By Charles Taylor
By Chris Klimek
By Chris Klimek
By Amy Nicholson
By Amy Nicholson
By Stephanie Zacharek
By Alan Scherstuhl
By Stephanie Zacharek
A year after Cameron Crowe climbed back aboard the tour bus for one last spin through rock's golden days of giddy hedonism and phony heroism comes a film set a decade later, in the mid-1980s, when the parties got harder, the music louder and the musicians prettier. The world of Rock Star is one that Crowe's young stand-in from Almost Famous, William, would probably flee out of terror and pity; his golden gods have been replaced by makeup-wearing, chain-mail-sporting cock-rock clowns with hair more teased than a third-grader with a stutter. They're quite famous indeed but hollow icons at best, jukebox zeroes without a groupie in one hand and a vial of blow in the other. They're dispensable cutouts easily replaced by any wanna-be in the audience who knows all the words and knows how to shout them to the devil.
Ask singer Rob Halford, who left Judas Priest at the beginning of the '90s to be replaced by an Ohio kid who once dreamed of being Rob Halford. Rock Star is -- and isn't -- the story of Tim "Ripper" Owens, the Akron office-supply salesman who went from fronting a Judas Priest tribute band (never say cover band) to fronting the Priest, a fantasy made tangible with a single phone call. Owens's tale, recounted in a July 1997 New York Times piece, comes complete with the happiest of leather-clad endings; it goes Behind the Music, sans the overdoses and car wrecks. After replacing Halford, Owens went on tour with the Priest, recorded two albums as the band's lead singer and was recently married -- a fairy tale for the Metal Edgecrowd, down to Owens's insistence upon staying in Akron and hanging with his old pals at the local chicken-wing eatery. That regular-guy routine is part of Owens's allure: He is the audience's surrogate, the one fan lucky enough to live the daydream.
Rock Star tells the same story -- indeed, the exact same story -- until it ransacks the grab bag of rock 'n' roll clichés for its second half, which plays like one of those VH1 biopics about Def Leppard starring Anthony Michael Hall. Writer John Stockwell changes names (Tim "Ripper" Owens becomes Chris "Izzy" Coles, played by reformed rapper Mark Wahlberg), settings (Akron becomes Pittsburgh), genres (the Priest's metal edge has been dulled to sound more like Poison) and eras (the mid-'90s give way to the mid-'80s). For the most part, it stays faithful to the fable: Chris's mother, like Tim's, runs a day-care center out of her home; Chris sells office supplies, and he fronts a tribute band that mimics, down to every last sustained note and squeal, his idols (a hair band named Steel Dragon, made up of Ozzy Osbourne guitarist Zakk Wylde and Jason Bonham, son of late Led Zep drummer John Bonham). Chris, thanks to a videotape made by two groupies, is invited to front the band when the Dragon's lead singer, Bobby Beers (Jason Flemyng) is ousted after being outed, a reference to Halford's coming out of the closet in 1995.
For a while, Rock Star lets us in on the thrill of living the dream -- even if that means wearing someone else's clothes and singing someone else's words exactly the way he did. Chris is so obsessed with getting Bobby right that he manages to alienate his own band; he'd rather pick an onstage fight with his guitarist than let him play one wrong note in public. He refuses to write his own songs, but he's meant for bigger things than a tribute band. Wahlberg plays Chris like a superstar trapped in Mom and Dad's suburbia; he even swaggers in his sleep. But when invited to Steel Dragon's mansion for an audition, he and his faithful girlfriend-manager, Emily (Jennifer Aniston), can't make it through the hallway without ogling the guitars and platinum albums that adorn the walls and trophy cases. He's Alice in heavy-metal wonderland.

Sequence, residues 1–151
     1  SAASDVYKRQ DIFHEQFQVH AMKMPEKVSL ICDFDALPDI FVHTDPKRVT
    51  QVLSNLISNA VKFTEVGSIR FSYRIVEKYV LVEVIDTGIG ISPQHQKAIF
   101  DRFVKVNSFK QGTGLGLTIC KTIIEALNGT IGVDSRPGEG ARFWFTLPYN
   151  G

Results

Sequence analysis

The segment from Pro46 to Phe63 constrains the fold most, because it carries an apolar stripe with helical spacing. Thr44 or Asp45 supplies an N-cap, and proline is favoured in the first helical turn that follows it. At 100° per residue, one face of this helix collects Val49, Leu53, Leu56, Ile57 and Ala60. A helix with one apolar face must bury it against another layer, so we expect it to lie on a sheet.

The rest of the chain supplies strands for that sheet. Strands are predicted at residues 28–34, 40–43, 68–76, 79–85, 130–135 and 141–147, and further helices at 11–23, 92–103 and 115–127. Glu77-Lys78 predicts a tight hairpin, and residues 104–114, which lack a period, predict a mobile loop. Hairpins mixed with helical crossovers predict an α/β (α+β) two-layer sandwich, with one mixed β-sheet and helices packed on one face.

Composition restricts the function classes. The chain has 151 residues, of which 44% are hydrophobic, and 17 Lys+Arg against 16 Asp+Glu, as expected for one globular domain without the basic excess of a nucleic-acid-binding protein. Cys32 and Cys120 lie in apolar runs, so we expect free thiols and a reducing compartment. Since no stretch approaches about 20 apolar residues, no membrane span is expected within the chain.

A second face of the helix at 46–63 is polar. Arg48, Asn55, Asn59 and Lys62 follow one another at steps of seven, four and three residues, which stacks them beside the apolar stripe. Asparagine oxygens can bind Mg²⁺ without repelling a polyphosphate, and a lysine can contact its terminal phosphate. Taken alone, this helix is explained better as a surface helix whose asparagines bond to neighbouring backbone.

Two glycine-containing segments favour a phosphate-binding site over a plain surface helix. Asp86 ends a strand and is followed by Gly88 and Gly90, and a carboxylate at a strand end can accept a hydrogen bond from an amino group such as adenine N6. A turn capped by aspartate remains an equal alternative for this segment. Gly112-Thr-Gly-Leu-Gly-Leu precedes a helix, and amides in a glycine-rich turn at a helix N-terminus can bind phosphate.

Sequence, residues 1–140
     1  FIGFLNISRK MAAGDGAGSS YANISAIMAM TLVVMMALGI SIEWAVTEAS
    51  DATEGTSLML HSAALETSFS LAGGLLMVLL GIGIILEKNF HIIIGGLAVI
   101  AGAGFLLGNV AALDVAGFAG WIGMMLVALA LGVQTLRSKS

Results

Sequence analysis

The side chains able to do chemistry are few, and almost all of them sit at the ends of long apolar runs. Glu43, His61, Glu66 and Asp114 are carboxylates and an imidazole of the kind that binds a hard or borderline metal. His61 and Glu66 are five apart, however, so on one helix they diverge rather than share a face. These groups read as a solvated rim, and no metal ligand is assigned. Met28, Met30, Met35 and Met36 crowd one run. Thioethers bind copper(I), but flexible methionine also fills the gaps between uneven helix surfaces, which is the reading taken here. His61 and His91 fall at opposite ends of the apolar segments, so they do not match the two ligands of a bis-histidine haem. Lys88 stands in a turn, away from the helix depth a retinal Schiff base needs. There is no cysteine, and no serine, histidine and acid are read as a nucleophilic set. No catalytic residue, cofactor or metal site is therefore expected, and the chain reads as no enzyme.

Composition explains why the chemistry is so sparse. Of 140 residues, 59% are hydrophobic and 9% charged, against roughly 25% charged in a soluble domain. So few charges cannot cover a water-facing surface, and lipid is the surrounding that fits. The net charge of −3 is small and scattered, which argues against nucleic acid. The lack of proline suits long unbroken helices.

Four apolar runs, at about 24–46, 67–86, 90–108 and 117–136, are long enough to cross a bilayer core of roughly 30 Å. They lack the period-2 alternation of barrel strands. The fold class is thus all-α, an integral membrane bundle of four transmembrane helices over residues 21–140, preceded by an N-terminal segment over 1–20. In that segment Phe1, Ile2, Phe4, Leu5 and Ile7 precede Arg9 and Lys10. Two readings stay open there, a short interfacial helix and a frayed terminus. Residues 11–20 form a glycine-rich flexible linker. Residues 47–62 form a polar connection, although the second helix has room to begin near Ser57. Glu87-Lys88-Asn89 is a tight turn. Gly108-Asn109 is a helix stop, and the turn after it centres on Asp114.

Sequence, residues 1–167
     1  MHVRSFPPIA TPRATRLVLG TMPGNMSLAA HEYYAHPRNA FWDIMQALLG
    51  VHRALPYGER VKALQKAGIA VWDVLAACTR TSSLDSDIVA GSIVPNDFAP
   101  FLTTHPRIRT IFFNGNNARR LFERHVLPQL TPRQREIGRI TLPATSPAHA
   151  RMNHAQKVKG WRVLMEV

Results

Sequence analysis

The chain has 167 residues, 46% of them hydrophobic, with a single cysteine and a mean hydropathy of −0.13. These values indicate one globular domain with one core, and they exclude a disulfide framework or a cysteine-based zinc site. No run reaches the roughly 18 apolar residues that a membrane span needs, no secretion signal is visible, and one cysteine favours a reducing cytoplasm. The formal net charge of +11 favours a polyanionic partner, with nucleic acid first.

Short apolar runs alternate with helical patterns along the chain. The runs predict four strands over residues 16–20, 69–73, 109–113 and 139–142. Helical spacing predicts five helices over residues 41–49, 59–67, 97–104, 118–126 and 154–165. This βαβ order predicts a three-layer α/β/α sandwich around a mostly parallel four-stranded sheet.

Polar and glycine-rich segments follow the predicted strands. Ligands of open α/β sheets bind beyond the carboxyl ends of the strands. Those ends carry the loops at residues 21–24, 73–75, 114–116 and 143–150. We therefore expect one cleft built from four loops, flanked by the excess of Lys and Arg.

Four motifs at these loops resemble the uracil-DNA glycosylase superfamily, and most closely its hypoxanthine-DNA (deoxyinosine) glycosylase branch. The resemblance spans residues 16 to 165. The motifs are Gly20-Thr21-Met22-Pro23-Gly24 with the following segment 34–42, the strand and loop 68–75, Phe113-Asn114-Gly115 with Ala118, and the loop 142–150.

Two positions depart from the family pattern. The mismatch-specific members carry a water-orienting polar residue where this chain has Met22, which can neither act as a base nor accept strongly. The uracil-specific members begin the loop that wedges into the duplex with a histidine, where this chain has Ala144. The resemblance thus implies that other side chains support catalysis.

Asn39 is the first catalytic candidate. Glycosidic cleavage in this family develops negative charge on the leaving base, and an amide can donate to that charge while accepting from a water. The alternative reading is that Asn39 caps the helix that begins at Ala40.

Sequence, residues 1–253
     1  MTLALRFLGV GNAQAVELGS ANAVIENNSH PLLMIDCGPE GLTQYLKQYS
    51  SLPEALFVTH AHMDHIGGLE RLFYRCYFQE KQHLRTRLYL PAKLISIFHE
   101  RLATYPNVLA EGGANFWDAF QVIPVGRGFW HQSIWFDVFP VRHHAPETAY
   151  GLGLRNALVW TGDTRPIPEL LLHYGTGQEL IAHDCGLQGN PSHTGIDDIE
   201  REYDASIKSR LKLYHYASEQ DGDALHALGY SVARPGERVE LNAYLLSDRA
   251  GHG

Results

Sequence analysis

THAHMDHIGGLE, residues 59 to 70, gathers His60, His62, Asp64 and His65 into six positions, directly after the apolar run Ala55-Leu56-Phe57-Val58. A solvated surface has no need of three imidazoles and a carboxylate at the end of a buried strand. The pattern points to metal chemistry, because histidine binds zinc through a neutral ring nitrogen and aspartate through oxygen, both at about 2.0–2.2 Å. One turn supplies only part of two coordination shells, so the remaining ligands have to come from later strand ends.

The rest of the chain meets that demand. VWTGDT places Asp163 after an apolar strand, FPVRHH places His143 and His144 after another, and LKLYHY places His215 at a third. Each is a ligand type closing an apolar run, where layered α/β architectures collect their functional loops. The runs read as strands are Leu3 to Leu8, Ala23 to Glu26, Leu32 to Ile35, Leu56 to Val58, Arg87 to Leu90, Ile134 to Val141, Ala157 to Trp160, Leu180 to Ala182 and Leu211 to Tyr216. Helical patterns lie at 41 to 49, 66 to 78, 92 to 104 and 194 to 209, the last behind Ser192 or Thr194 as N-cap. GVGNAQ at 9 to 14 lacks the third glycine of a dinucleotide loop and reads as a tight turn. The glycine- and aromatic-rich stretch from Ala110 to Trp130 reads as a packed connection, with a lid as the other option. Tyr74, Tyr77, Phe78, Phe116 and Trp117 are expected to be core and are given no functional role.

But Stockwell and director Stephen Herek (responsible for Bill and Ted's Excellent Adventure, the ultimate dope-rock fantasy) aren't content with letting Chris live out the dream, which is why Owens has voiced his displeasure with Rock Star. Theirs is less a movie about a (would-be) rock star than it is a movie about rock movie clichés. They haul out the groupies and orgies and booze and blow like dressing-room caterers; they never let Chris enjoy the ride, not when they're too busy trying to throw him under the tour bus. The movie portrays Chris as a naïf so bereft of probity and personality he destroys the dream just as he begins to live it. He's a fool who believes he's the band and not just some singer-for-hire, and the movie sets about to tear him down before it ever builds him up. It revels in his humiliation.
It's as though Herek and Stockwell felt that to make a "serious" rock movie, they had to capitulate to the genre's worst excesses, and so we're treated to countless scenes of dance-floor orgies, backstage "pussy passes," drug binges, trashed hotel rooms and blood transfusions. Herek has made a bloated concept album about faith and redemption and has left off all the good songs -- the ones that make you wanna pump your fist in the air, wave your Bic and scream for vengeance. Rock Star takes itself so seriously it becomes full-on parody -- This Is Spinal Tap as a sanctimonious cautionary tale. And how rock 'n' roll is that?
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